Think about it. Have you ever been hacked using a vector that involved SNMP or an unpatched server management interface card? Have you even read of such an attack in the real world? Then why are you asking me to include them as top priorities in my audit reports (as I was by a customer)? Meanwhile, your environment is compromised on a near daily basis via other, much more common exploits.

To successfully mitigate risk, ascertain which risks need your focus now and which can be left for later.

Know what you have

Sometimes the least sexy stuff helps you win. In computer security, this means establishing an accurate inventory of your organization’s systems, software, data, and devices. Most companies have little clue as to what is really running in their environments. How can you even begin to secure what you don’t know?

Ask yourself how well your team understands all the programs and processes that are running when company PCs first start up. In a world where every additional program presents another attack surface for hackers, is all that stuff needed? How many copies of which programs do you have in your environment and what versions are they? How many mission-critical programs form the backbone of your company, and what dependencies do they have?

The best companies have strict control over what runs where. You cannot begin that process without an extensive, accurate map of your current IT inventory.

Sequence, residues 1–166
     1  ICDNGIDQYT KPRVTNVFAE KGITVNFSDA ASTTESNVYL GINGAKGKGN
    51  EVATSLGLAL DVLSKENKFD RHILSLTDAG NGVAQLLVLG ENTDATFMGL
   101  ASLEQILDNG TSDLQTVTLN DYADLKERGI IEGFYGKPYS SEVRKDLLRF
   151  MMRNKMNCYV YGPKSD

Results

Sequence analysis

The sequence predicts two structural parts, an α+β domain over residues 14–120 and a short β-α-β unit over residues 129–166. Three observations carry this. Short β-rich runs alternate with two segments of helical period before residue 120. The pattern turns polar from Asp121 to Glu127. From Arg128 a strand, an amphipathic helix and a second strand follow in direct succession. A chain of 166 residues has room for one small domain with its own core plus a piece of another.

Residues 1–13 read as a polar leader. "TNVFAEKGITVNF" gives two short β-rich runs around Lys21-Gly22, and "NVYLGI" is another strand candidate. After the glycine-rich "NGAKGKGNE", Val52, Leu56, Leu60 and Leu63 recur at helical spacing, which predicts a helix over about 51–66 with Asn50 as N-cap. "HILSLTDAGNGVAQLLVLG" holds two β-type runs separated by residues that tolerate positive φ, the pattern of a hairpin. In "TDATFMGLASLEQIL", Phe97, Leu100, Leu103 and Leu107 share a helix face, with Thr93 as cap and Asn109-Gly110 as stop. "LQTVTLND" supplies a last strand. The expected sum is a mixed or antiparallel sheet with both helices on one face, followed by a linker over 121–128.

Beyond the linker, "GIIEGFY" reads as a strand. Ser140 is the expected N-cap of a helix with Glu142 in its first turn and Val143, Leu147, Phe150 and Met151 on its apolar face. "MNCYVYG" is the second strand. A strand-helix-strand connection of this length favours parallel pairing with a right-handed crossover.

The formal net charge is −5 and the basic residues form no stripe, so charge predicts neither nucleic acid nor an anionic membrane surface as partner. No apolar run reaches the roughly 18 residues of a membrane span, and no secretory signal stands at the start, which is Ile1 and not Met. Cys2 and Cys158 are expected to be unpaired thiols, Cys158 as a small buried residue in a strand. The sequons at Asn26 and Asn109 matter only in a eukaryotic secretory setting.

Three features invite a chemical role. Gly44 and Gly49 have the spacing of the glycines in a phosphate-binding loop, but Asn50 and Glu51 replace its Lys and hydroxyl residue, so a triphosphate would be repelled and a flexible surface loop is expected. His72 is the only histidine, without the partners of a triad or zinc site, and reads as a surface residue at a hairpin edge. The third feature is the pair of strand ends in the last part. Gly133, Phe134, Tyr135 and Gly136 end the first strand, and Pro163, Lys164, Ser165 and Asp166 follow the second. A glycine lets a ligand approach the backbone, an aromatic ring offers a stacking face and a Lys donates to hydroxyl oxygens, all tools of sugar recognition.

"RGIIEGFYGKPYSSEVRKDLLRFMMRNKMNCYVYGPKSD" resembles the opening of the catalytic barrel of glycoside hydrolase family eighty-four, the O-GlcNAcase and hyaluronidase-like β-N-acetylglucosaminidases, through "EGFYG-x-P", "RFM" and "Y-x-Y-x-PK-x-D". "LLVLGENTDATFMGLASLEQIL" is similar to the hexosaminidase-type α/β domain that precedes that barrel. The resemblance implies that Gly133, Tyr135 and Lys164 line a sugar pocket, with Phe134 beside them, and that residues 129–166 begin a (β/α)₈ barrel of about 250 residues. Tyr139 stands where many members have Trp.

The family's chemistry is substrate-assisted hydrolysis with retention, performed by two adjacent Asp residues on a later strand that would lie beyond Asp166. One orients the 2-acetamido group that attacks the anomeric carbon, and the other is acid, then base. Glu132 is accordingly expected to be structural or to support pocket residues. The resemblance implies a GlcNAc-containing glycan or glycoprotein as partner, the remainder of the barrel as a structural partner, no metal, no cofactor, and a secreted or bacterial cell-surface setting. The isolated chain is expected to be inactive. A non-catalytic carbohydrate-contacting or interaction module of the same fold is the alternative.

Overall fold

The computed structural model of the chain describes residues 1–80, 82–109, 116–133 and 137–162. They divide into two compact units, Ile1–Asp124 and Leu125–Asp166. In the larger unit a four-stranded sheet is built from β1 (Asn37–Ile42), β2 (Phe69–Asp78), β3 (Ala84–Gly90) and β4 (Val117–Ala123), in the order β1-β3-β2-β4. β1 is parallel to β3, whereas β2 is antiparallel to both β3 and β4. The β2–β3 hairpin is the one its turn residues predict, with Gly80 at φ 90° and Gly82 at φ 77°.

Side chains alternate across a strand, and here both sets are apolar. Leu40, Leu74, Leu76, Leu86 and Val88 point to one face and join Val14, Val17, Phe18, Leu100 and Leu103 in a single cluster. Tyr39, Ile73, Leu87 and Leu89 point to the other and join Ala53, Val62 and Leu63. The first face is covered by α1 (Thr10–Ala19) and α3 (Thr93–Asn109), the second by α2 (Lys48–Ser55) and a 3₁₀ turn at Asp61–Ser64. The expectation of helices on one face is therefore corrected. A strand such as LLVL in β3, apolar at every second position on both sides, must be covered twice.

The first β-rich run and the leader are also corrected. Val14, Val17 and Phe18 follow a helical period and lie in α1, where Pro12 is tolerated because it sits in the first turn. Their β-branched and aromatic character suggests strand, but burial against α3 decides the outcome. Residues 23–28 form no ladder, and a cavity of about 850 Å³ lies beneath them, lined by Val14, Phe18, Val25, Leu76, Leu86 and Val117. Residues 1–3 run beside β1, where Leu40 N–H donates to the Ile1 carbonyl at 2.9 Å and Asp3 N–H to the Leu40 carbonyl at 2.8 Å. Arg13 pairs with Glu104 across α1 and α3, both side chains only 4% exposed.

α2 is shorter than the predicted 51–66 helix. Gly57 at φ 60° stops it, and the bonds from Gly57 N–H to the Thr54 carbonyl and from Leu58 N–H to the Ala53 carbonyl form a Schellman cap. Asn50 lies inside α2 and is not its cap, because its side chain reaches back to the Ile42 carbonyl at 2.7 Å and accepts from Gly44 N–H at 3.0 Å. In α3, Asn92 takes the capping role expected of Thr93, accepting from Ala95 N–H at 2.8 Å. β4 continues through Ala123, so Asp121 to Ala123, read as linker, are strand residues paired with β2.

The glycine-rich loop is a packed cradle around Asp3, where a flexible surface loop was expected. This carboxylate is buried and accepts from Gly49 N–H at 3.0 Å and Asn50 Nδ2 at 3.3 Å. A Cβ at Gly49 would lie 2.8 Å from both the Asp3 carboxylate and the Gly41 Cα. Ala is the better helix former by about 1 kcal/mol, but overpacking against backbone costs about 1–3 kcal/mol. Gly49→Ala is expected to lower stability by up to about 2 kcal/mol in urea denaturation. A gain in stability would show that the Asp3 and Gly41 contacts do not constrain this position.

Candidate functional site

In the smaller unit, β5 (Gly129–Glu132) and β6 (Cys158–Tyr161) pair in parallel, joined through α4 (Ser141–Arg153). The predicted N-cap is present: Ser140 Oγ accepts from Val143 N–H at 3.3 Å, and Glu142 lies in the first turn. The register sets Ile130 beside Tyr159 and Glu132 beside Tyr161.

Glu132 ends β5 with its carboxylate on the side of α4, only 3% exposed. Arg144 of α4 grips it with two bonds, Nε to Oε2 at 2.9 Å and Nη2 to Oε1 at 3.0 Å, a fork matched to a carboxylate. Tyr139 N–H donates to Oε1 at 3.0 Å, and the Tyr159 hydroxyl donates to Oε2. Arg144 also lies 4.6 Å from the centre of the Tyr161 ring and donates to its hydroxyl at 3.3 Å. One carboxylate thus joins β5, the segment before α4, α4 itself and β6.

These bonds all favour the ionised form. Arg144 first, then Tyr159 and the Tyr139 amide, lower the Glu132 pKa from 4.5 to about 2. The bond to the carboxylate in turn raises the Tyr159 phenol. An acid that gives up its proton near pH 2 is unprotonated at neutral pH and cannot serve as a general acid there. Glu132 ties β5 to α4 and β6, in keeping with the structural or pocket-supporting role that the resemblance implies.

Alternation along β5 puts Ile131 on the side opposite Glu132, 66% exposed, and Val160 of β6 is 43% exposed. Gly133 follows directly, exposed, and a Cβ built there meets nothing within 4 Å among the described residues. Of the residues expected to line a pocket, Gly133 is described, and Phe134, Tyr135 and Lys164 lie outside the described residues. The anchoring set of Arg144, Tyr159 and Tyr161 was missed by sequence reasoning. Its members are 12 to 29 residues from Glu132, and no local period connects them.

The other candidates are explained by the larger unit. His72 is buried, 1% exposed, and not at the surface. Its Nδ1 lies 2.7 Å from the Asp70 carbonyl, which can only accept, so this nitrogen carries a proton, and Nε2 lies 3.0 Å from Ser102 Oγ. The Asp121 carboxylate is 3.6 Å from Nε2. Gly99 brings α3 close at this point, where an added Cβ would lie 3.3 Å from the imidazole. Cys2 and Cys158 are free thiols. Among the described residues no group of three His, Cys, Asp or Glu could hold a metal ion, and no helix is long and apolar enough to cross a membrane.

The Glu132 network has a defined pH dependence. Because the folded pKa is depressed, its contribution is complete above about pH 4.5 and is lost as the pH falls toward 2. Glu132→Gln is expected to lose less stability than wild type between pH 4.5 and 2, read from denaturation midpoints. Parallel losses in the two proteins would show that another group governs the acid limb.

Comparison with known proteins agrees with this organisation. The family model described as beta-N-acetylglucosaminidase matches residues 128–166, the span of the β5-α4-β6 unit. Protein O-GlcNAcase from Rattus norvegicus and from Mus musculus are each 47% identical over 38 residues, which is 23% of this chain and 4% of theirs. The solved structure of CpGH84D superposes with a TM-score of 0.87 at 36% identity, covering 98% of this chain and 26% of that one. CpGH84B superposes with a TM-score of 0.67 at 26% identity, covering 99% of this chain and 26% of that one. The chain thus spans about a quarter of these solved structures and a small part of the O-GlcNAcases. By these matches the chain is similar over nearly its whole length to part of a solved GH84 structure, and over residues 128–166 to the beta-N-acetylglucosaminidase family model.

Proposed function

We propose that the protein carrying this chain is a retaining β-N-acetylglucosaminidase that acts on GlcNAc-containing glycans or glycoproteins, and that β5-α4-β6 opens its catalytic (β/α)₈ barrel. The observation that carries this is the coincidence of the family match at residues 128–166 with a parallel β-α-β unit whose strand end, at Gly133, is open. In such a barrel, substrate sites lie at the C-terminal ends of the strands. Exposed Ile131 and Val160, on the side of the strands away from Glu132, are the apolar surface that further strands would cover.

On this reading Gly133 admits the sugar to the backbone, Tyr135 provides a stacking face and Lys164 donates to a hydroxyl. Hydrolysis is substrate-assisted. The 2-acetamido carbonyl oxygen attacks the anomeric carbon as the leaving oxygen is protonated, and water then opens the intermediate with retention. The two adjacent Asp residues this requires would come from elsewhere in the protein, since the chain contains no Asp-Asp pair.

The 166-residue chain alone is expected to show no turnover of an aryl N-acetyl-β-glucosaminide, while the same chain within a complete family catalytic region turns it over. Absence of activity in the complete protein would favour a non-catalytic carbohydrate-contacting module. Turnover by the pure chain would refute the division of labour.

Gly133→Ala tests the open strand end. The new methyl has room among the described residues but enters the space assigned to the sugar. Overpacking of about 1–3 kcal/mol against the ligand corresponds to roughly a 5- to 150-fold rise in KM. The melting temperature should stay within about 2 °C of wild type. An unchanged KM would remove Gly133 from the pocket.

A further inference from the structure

Remove, then secure

An unneeded program is an unneeded risk. The most secure companies pore over their IT inventory, removing what they don’t need, then reduce the risk of what’s left.

I recently consulted for a company that had more than 80,000 unpatched Java installations, spread over five versions. The staff never knew it had so much Java. Domain controllers, servers, workstations -- it was everywhere. As far as anyone knew, exactly one mission-critical program required Java, and that ran on only a few dozen application servers.

They queried personnel and immediately reduced their Java footprint to a few hundred computers and three versions, fully patching them across most machines. The few dozen that could not be patched became the real work. They contacted vendors to find out why Java versions could not be updated, changed vendors in a few cases, and implemented offsetting risk mitigations where unpatched Java had to remain.

Imagine the difference in risk profile and overall work effort.